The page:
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A's infield and third base coach Mike Gallego told us a year ago that he improved his focus as an infielder by counting the bounces on every ground ball hit to him, and he told us that during the earthquake in the 1989 World Series, as Candlestick Park was literally shaking around him, he risked his life going back into the pitch black clubhouse to retrieve his glove.
That's how important his glove was to him, that's how important defense is to a team, a philosophy that he imparts on his infielders every day. The A's led the American League in ERA last season in part because of their defense, which, in the infield, is led by Gallego, who is 5-foot-6 and "couldn't hit" but played 13 years in the major leagues because every day, at shortstop or second base, he vowed to be the best defender on the field.
Here are some of things that he teaches:
|Mike Gallego wasn't a major leaguer for 13 seasons because he could hit. He knows what it takes to be a great infielder.|
"I ask our infielders, 'In a three-hour game, how many of you are completely focused on every pitch?'" Gallego said. "A few of our guys raised their hands. I said, 'Bull.' Then I asked, 'OK, how many of you are completely focused on every pitch when on defense?' A few guys raised their hands. I said 'Bull.' Then I said, 'If our pitchers throw 130 pitches per game, two seconds per pitch, that's a total of 260 seconds that you have to be perfectly focused out of a three-hour game. That's four minutes and 20 seconds. Let's round it off to five minutes. How many of you guys are completely focused for five minutes? A bunch of hands go up. I said, 'Bull.' You guys are at two minutes. We need five."
It is more than focus, it's also about asserting yourself as a defender, especially when you are the shortstop. A's shortstop Cliff Pennington gets better and better every day on defense, and few shortstops can throw like him. Last year, he made a tremendous play on a ball up the middle to end an inning, but when he returned to the dugout, Gallego blasted him.
"Dallas Braden had just thrown a no-hitter, so maybe Cliff was a little intimidated by him," Gallego said. "Dallas gave up a broken-bat hit with one out, putting men at first and third. Dallas was upset. Cliff yelled to him about coverage [at second on the potential double play]. Four times he tried to get Dallas' attention, but Dallas wasn't listening. So, the ball was hit back to Dallas, and he wasn't sure who was covering. He hesitated, Cliff got the ball, threw to first, the runner was safe, we didn't get the double play, the run scored and the game was tied. Cliff's great play on the next play kept the score tied, and everyone was congratulating him when he came into the dugout. But I screamed at him, I told him that he is the captain of the infield, he is charge of the coverage, and the next time, he had better go to the mound and TELL Dallas the coverage, or I'd go take him out myself!"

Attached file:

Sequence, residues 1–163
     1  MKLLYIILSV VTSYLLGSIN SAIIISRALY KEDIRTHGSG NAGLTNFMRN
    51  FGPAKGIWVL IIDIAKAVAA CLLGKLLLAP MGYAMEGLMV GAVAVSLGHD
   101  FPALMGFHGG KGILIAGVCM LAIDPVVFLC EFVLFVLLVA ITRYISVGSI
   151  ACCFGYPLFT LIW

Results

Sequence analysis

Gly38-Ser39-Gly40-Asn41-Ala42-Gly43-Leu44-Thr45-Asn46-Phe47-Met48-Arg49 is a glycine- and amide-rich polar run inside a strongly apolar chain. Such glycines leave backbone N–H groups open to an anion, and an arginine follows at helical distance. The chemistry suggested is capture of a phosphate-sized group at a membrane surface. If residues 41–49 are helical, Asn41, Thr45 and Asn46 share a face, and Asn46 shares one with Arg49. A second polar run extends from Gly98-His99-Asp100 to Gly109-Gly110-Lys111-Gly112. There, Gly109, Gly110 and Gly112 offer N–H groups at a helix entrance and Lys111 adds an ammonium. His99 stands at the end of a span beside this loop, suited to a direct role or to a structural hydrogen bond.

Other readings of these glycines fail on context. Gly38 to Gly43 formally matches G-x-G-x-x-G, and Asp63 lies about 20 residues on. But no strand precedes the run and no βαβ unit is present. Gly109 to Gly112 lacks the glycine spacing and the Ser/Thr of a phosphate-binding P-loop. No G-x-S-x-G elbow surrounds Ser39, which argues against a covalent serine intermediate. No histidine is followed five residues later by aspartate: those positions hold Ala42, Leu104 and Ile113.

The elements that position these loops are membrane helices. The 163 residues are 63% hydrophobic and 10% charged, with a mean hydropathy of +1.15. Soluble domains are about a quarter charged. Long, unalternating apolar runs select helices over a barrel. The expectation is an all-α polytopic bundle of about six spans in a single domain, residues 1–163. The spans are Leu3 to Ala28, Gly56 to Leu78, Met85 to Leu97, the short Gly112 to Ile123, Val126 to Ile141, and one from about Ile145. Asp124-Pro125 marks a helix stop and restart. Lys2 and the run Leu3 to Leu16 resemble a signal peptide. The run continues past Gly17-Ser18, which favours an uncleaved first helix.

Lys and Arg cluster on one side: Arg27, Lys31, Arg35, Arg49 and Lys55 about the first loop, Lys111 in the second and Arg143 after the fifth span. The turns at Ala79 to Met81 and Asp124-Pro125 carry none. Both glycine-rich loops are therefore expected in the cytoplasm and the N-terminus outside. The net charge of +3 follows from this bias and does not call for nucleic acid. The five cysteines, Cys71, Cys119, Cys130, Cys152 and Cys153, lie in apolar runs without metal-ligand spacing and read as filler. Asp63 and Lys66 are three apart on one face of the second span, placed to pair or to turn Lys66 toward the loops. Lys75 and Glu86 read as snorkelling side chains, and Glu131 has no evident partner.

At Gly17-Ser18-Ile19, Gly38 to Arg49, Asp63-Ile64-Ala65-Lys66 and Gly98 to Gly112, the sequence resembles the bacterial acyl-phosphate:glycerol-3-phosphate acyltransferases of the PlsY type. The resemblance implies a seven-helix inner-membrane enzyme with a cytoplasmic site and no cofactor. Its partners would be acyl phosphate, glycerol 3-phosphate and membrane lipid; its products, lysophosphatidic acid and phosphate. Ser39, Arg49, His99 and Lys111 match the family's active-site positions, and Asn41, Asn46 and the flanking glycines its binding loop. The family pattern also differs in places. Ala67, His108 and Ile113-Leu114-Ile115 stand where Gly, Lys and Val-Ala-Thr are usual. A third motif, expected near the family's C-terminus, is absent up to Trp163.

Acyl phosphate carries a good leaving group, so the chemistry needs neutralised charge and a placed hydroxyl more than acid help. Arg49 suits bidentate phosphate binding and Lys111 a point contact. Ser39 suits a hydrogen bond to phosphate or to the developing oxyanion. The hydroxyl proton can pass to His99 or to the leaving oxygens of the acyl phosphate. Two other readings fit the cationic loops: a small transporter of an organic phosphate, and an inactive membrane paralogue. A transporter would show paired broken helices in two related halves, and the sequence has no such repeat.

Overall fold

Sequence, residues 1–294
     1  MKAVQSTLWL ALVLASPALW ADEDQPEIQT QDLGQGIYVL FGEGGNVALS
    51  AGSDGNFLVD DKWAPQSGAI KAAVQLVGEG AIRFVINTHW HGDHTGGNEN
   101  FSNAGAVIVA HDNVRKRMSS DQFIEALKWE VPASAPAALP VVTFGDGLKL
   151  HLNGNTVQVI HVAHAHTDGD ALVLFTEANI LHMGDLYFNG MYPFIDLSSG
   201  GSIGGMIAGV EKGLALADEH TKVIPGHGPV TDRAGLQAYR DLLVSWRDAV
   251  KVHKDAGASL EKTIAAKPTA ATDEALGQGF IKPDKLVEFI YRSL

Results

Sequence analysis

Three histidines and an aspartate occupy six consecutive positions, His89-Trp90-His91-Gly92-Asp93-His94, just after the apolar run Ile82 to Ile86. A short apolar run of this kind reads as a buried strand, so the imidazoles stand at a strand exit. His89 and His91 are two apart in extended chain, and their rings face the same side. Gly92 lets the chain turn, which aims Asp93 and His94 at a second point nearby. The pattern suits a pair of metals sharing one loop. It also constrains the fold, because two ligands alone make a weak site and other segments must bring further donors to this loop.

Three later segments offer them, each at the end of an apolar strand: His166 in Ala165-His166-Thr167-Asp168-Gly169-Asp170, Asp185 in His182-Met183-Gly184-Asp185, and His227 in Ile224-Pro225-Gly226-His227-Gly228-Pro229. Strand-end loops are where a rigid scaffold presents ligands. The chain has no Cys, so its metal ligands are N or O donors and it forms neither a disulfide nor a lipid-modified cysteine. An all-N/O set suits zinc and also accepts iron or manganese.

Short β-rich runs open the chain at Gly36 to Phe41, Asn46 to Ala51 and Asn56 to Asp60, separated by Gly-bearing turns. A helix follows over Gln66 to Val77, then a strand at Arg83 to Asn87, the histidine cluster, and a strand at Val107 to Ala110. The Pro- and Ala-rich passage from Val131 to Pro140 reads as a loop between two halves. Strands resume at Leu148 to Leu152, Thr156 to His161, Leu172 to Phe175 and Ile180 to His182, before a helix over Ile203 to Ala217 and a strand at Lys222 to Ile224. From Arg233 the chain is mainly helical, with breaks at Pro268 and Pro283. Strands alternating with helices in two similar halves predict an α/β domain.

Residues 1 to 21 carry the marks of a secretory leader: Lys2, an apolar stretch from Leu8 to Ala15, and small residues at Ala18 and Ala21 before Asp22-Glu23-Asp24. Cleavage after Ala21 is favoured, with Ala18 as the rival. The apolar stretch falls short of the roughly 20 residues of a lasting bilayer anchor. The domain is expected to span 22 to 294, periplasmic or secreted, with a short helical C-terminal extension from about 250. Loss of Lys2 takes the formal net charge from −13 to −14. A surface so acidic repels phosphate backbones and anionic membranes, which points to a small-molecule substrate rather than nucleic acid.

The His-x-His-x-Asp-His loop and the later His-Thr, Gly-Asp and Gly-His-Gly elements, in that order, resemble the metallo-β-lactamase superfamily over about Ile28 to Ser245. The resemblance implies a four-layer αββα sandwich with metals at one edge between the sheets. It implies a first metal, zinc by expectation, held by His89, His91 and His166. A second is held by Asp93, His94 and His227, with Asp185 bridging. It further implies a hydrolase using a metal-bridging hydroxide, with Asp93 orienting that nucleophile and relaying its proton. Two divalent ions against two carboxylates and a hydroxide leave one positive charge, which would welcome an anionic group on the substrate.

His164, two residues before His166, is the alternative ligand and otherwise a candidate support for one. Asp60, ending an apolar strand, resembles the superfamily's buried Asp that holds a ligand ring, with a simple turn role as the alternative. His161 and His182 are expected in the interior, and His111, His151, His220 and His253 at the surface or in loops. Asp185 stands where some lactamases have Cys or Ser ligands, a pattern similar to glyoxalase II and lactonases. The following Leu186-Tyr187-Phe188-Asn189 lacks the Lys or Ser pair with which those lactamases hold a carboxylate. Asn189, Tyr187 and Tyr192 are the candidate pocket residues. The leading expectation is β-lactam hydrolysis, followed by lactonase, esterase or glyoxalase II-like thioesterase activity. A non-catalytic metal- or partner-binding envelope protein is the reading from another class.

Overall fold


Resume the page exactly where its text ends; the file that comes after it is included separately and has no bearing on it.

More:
It's more than focus, and leadership, it's about looking for every edge you can get as an infielder.
"I ask our middle infielders, 'Who is the second base umpire today?'" Gallego said. "Most times they look at me as if to say, 'I don't know. Who cares?' I always cared. Umpires are human beings. When I played, I did a little research on the bio of the second base umpire every game. If the guy was from Notre Dame, I'd go out of my way, before a game, or between innings, to ask, 'How are the Irish doing?' I knew another umpire that loved to eat. So I'd always say to him, 'Where are you going to eat tonight? Chinese? I know a great place.' And he'd say, 'Hey, thanks, Mike.' So now, if there's a bang-bang play at second, maybe I'll get a break. And if we're running a pickoff play at second, I'll tell the umpire, 'Third pitch, heads up, we might be doing something here.' He'll say, 'Thanks, Mike' If we are, I don't say a word, I just look at him. Then he'll be on top of the play."
These are the little tips that Gallego gives to his infielders, to possibly get an edge in case the game is on the line and every advantage is needed. Or if your pitcher is throwing a no-hitter, as Yankee Jim Abbott was with two outs in the ninth inning in 1993 at Yankee Stadium.
"Our [the Yankees'] shortstop that day was Randy Velarde, and he told this story," Gallego said. "Two outs in the ninth, no-hitter on the line, Velarde looked around and [third baseman] Wade Boggs was in his stance pounding his glove, he was ready. I was at second. I was hopping in place. I was ready. [Don] Mattingly was at first. He was shifting back and forth like a goalie in hockey. He was ready. And Velarde said to himself, Look at me, I'm not even moving. I'm stuck in cement. Please, don't hit it to me. And, of course, the guy did. Randy was so stiff on the play and so scared, he kind of forced the ball over to first, but got the guy. Randy was the happiest man in the world after that."
He got away with one. Usually you don't, especially on defense. That's what Gallego teaches.
Tim Kurkjian is a senior writer for ESPN The Magazine. His book "Is This a Great Game, or What?" was published by St. Martin's Press and became available in paperback in May 2008. Click here to order a copy.